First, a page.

Sometimes it may feel like your first job isn’t going to amount to anything monumental but you should always be on the lookout for opportunities that align with your career goals in the future. For example, working as a receptionist at a local gallery could expose you to deeper knowledge and new network towards your dream job as a freelance artist in the future. Like Derek, remember to not sell yourself short and be selective during your job search.
Without any formal qualification there seemed to be few options other than manual work or menial clerical situations. However, I was determined not to accept anything without prospects. So I scoured the newspapers for opportunities and found an opening for “A Work Study Engineer”. I didn’t know what it was about but I decided to apply.
Although Derek could use any job he could find, he still had a long-term vision for himself and for his career. He made sure he didn’t forget about his future job prospects and professional growth. Remember to do the same for yourself to bring in value from your very first job.
3) Be Adaptable and Persistent
Recognizing that his resume alone would not be enough to get him the job, Derek adapted and kept pushing to meet the manager face-to-face. He took an unconventional route and faced obstacles, but being persistent got Derek what he needed.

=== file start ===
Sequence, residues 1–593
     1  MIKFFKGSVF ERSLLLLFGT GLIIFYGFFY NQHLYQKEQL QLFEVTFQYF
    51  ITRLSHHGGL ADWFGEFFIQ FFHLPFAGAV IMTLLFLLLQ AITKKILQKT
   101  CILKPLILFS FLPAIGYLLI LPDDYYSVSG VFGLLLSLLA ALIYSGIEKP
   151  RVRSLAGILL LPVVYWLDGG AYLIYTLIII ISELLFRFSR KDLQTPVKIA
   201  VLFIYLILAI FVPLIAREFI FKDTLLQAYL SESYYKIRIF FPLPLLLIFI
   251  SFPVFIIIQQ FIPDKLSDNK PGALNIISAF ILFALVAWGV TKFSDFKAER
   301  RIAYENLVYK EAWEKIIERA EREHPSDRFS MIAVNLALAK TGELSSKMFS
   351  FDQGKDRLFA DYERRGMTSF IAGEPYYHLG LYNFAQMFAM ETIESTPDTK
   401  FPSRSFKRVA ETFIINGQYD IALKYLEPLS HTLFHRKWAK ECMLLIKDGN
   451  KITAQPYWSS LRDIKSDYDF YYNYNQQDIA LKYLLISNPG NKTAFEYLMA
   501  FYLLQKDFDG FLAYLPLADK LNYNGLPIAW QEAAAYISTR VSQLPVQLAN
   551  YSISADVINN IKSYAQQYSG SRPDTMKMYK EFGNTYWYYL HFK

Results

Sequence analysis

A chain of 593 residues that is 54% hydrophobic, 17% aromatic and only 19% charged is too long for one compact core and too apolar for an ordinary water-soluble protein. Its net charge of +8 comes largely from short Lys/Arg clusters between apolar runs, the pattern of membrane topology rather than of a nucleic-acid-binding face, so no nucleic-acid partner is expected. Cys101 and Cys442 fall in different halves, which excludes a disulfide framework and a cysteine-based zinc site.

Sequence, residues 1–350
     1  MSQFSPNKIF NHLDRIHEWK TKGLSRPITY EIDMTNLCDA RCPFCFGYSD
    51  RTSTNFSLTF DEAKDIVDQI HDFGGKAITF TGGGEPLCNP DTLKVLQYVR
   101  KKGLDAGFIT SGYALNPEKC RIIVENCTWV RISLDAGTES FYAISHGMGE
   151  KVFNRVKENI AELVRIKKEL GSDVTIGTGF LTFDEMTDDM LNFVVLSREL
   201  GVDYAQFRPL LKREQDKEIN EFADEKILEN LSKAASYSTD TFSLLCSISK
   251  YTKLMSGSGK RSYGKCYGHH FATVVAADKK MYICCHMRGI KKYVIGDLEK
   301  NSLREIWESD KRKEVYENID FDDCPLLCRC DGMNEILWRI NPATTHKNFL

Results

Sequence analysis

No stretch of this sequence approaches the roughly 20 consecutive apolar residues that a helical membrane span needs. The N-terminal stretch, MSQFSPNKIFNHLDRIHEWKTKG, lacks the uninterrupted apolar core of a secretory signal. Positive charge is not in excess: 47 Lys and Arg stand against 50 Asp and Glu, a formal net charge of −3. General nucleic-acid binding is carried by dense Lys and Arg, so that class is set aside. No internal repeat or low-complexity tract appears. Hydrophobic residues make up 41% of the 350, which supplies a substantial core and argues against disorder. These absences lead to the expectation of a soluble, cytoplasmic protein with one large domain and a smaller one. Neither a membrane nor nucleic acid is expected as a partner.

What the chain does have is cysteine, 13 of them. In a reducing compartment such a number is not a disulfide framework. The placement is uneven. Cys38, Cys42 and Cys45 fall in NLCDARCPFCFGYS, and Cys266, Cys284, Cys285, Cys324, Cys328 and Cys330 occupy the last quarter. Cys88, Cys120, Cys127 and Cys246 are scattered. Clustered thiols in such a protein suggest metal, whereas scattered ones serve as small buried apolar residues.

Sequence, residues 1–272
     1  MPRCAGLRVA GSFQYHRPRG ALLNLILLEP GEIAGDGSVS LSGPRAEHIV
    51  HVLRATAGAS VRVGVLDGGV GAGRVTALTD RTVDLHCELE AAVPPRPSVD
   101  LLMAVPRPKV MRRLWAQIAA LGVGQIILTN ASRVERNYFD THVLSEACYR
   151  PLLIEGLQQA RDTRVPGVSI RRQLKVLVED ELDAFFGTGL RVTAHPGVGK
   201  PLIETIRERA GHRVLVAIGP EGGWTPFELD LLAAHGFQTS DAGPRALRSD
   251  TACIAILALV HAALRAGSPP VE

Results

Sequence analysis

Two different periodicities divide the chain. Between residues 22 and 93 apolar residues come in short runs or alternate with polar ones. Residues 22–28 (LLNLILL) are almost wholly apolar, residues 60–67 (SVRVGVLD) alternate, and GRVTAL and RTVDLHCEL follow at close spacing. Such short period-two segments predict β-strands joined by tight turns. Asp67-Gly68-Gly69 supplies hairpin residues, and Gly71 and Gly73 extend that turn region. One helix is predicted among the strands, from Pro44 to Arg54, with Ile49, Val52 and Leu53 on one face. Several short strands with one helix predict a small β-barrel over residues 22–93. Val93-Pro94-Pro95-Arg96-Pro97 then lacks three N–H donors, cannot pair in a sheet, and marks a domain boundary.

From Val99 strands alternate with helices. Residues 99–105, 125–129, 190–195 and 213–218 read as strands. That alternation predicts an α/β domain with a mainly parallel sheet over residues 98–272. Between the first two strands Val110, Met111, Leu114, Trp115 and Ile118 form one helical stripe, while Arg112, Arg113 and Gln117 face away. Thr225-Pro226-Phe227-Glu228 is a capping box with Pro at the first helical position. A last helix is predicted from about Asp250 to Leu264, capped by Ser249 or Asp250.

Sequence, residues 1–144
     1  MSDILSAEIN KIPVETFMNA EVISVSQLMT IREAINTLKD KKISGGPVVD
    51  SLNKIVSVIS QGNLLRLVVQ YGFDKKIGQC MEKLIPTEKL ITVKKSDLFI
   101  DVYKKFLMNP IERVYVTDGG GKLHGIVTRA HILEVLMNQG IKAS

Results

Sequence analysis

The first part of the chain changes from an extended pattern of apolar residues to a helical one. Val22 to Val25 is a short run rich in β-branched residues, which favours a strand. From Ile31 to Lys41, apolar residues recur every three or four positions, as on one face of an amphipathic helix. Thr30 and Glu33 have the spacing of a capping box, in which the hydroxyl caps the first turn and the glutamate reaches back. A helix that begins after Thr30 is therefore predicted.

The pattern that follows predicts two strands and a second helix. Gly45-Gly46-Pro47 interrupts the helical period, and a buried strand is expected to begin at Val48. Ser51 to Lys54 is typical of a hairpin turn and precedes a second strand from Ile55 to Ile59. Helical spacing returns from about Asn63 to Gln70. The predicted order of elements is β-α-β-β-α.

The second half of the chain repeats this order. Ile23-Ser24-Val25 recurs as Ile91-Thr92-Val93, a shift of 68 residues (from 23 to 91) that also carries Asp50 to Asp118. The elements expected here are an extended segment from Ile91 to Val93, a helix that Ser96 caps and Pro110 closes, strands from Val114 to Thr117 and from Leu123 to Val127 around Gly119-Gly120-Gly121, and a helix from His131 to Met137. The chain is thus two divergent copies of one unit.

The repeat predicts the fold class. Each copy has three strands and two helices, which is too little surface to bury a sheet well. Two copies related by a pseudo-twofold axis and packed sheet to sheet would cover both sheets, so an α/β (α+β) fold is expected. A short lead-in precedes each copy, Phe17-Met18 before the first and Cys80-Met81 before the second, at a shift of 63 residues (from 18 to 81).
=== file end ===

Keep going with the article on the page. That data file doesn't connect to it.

Rather than submitting a resume which would have been immediate rejection, I showed up at the company and asked to meet the manager doing the hiring and insisted that the gate person let the manager know that I wanted to see him just for a few minutes.
Most job applications are now received digitally and employers are judging candidates without ever meeting the individual in person. Especially when looking for your first job with little experiences to sell, you’re going to want to go the extra effort in getting noticed. Meeting the hiring manager in person will play favourable on your part and demonstrates that you’re interested in the job amongst hundreds of other applicants! You can also take the time to learn a bit more about the work environment (and whether or not it’s right for you) and convince them face-to-face why you’re the ideal candidate.